Ever considered what impact self-directed brokerage accounts have on your company? If not, this is the time to pay attention.
We’ve always been a nation of do-it-yourselfers. That proclivity shows up in 401(k) retirement accounts, too. Roughly 25 to 30 percent of retirement plans offer brokerage windows, based on public disclosures by the major recordkeeping firms. In the period 2008 to 2011 alone, Aon Hewitt disclosed that plans offering self-directed brokerage accounts (SBDAs) jumped from 18 to 29 percent, a strong rise, indeed.
Of course, participants have an option, but that doesn’t automatically mean they’ll exercise that option. Fidelity and Schwab, two of the largest self-directed service providers in 401(k) plans, cite that only three percent of participants use the brokerage service.
Schwab data reveals that average account balances run $200,000 and more than half of the accounts are held by participants 50 years old and older. These participants place a whopping 80 percent of their retirement assets in their brokerage accounts, according to Schwab.
Department of Labor Takes Notice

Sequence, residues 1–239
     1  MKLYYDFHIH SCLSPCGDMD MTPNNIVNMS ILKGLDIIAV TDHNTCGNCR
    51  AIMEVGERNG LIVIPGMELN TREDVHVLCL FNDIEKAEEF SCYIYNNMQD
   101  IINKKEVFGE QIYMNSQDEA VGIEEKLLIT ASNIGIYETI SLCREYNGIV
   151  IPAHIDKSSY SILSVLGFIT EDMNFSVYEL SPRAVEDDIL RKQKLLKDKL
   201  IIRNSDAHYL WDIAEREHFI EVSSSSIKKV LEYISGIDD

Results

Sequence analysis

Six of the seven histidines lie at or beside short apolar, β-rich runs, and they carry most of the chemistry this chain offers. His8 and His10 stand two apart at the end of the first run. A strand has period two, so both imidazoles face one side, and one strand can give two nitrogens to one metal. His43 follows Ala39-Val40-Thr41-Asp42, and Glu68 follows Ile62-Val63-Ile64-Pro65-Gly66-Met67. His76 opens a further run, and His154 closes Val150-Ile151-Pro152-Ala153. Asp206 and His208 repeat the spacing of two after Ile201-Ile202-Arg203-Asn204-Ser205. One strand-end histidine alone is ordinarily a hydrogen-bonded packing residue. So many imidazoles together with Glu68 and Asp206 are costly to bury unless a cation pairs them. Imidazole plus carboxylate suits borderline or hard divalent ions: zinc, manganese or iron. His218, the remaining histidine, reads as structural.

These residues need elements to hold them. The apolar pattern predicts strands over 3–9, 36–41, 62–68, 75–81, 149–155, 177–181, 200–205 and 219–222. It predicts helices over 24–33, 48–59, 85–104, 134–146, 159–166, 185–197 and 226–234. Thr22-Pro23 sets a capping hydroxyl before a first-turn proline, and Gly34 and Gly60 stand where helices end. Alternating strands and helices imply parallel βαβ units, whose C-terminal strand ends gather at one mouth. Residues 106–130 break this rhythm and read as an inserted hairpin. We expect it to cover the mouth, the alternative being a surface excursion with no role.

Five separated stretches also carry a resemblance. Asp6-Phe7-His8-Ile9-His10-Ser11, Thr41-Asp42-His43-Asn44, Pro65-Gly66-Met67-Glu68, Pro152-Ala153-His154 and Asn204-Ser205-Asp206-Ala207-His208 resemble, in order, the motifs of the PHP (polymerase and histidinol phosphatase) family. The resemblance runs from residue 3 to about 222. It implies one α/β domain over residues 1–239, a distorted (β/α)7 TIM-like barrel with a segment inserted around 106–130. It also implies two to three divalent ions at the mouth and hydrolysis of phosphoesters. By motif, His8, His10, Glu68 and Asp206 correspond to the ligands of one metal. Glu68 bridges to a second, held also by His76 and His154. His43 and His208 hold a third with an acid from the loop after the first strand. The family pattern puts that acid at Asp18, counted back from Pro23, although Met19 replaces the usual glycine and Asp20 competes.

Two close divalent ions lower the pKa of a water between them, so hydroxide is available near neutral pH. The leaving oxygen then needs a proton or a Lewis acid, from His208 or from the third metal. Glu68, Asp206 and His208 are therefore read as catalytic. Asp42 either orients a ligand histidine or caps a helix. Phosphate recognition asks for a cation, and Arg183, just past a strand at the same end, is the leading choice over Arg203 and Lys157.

Recently, the Department of Labor (DOL) took another notice of the rise in SBDAs for retirement plans. In August, the DOL submitted a request for information (RFI) from industry providers.
The RFI includes thirty-seven questions on the subject, and nine subcategories, including: participation in brokerage windows; brokerage window costs; and fiduciary duties. Here’s an informative excerpt:
“The purpose of this RFI generally is to increase the Department’s understanding of the prevalence and role of brokerage windows in participant-directed individual account plans covered by ERISA. In particular, the RFI will focus on why, under what circumstances, and how often these brokerage windows are offered and used in ERISA plans, and the legal and policy issues that relate to such usage. The Department wants to make sure that participants are not exposed to undue risks from brokerage windows and that plan fiduciaries properly understand the scope of their ongoing responsibilities with respect to brokerage windows.”
Plan Sponsor Considerations
Know that you are likely to be burdened with increased administrative and liability requirements. Because we’re always in your corner, we are encouraging you to take steps to be prepared for DOL movement on SDBAs. The wise path? Plan sponsors and participants alike should consider seeking professional advice on structure and risk management of your SDBAs.
Consider asking yourself these top line questions:
- What is my risk/benefit analysis of offering brokerage accounts in retirement plans?
- Which investment options should be available in these accounts?
- In what ways should we communicate the benefits and risks of SDBAs to ensure our participants are well prepared to make informed decisions?
It’s important to stay current on this vital business obligation. And don’t hesitate to reach out to us on any question.
Always in your corner,
Zack Sadler, senior consultant